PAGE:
both gave the same basic account of what happened-- that Bette
walked up the steps carrying her VCR while Steve trailed
behind her, trying to carry it for her.
At the top of the stairs, Bette refused his help,
pulled away from him, lost her balance,
and fell over the railing, landing
on the lower flight of stairs.
Weckerling found a gouge in the molding near where
Steve said she landed with the VCR.
But a closer look revealed an inconsistency.
ALAN WECKERLING (VOICEOVER): I had the piece
of wood and the VCR-- we brought that back to Dallas--
and examined it under a stereomicroscope.
And with close-up photography, was
able to show very clearly how that dent had
gone from the bottom to the top.
We had the orientation and the direction of force.
NARRATOR: If the VCR fell down the stairs, as Steve claimed,
it would have struck the molding in a downward direction,
And Weckerling was confused by what
he found at the top of the steps,
where this incident allegedly took place.
Steve and Stefani both claimed that Bette fell over
the 3-and-1/2-foot-high railing.
But Bette Lucas was 5'5", which meant that the railing was
higher than her waist, higher than her center of gravity.
ALAN WECKERLING (VOICEOVER): The center
of gravity on this case is important, because you can't
get a body, be it a human or a physical object,
to go over something else unless you have the center of gravity
go above that.
NARRATOR: In addition, when Bette fell over the railing,
she did not fall straight down to the foyer floor
through this 3-foot gap.
Instead, she traversed the gap and landed on the stairs.
ALAN WECKERLING (VOICEOVER): That come in
at a high enough angle that she doesn't
hit the banister of the stairs and break that.
-Well, the laws of physics, when an object falls it gets
pulled towards the Earth.
So any time an object falls, it's
going to fall directly towards the Earth
in a vertical direction.
NARRATOR: In other words, for Bette to have flown
over this gap, she would have had to pull the VCR towards her
at about 30 feet per second to carry her backwards
at sufficient speed to traverse the 3-foot gap.
MIKE ANDREWS (VOICEOVER): She was actually lower
than the banister, so she had to go up and over the banister.
So she had to jump up, so to speak.
The landing point and the actions of the falling body
just didn't make sense.
NARRATOR: Furthermore, Bette's friends did not
believe she would have carried the VCR
up the steps in the first place.
DANNY ALEXANDER (VOICEOVER): There
was a lot of people who said Bette
would have never picked up a VCR.
She would never have carried anything.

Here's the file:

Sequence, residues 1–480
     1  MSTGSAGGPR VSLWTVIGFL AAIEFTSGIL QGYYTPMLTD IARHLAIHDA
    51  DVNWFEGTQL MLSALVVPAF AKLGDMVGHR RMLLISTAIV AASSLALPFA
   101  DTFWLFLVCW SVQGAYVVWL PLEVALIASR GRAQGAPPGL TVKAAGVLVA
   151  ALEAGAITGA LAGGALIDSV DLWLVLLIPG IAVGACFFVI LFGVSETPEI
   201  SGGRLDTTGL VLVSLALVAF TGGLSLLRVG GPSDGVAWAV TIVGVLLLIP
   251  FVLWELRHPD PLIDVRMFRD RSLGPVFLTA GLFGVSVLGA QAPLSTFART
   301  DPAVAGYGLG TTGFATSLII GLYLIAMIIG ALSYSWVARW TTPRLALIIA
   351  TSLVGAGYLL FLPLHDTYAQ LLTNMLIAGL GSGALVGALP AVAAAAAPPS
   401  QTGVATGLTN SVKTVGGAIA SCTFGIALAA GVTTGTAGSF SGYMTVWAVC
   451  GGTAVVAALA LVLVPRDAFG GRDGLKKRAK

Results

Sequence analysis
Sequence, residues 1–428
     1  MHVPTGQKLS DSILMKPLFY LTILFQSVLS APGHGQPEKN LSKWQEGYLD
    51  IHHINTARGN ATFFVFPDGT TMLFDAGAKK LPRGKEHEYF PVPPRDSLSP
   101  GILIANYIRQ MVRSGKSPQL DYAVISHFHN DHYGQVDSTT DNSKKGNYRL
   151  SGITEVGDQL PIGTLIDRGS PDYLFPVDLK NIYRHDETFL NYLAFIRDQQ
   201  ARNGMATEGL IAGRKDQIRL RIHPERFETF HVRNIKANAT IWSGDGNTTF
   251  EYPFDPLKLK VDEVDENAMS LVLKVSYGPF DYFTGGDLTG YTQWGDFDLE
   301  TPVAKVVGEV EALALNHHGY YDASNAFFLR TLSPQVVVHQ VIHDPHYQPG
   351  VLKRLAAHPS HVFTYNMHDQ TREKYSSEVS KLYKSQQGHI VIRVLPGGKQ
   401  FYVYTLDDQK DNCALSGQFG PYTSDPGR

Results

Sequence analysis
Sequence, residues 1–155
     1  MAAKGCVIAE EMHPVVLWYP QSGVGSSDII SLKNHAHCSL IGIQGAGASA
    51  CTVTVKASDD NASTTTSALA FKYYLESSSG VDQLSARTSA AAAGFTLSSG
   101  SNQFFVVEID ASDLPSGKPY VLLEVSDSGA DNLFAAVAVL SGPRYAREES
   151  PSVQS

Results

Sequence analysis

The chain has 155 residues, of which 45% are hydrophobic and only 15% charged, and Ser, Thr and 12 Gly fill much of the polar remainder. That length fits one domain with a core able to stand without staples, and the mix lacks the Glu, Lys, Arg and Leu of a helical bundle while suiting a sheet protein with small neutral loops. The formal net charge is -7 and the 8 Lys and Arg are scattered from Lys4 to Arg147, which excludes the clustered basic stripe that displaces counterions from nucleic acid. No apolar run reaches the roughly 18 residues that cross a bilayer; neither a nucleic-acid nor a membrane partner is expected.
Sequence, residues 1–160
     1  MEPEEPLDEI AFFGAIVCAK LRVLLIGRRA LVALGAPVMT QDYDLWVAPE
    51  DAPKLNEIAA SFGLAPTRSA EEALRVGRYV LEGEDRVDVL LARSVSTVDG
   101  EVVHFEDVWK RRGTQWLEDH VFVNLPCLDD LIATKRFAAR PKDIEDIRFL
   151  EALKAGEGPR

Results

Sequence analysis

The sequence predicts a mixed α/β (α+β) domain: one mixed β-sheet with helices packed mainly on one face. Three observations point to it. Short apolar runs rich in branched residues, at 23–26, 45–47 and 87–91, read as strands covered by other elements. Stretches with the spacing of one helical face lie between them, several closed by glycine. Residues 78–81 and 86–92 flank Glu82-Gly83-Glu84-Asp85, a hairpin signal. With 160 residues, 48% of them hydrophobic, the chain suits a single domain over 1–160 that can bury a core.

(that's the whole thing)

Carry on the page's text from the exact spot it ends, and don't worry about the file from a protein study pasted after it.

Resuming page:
-She wouldn't pack a purse if it was too heavy.
So we knew that just didn't make any sense,
that she had packed that thing.
DAVID DOBBS (VOICEOVER): One of the most ridiculous concepts--
and many women will understand this-- Bette was
in a long nightgown and the theory is that she picked up
a VCR and marched up the stairs.
Any woman knows if you were holding a VCR
and you were going up a staircase
with a long nightgown, you would step on the nightgown
and fall on your face.
NARRATOR: But of all the inconsistencies,
prosecutors were most impressed with the molding
on the side of the stairs, where Steve said the VCR hit.
If the dent was made from the bottom up,
it proved that the scene had been staged.
DAVID DOBBS (VOICEOVER): It completely refuted the theory
by Steve Lucas and his defenders that the VCR somehow tumbled
over the railing and caused damage to the chair rail--
to the railing on the stairs, going up the stairway.
It just doesn't make any sense.
NARRATOR: In April of 1991, Steve Lucas
was arrested and charged with his mother's merger.
The grand jury did not indict his daughter
Stefani due to the lack of evidence.
DAVID DOBBS (VOICEOVER): I don't know whether Stefani witnessed
the ***, whether she participated in the ***,
or whether she was simply out of the room when
the *** took place.
NARRATOR: But the question remained--
was there enough evidence to convince a jury?
Prosecutors believed that the death of millionaire socialite
Bette Lucas was no accident.
They knew that her son, Steve, was
in serious financial trouble and owed close to a half million
dollars to friends and financial institutions.
VANESSA CURRY (VOICEOVER): He was borrowing money from family
friends and failing to pay that back.
Banks had threatened to foreclose on him,
and he was reaching a desperation point
where it was all going to come tumbling down.
NARRATOR: And prosecutors had witnesses who said that Bette
knew all about her son's problems
and planned to cut him out of her will, an estate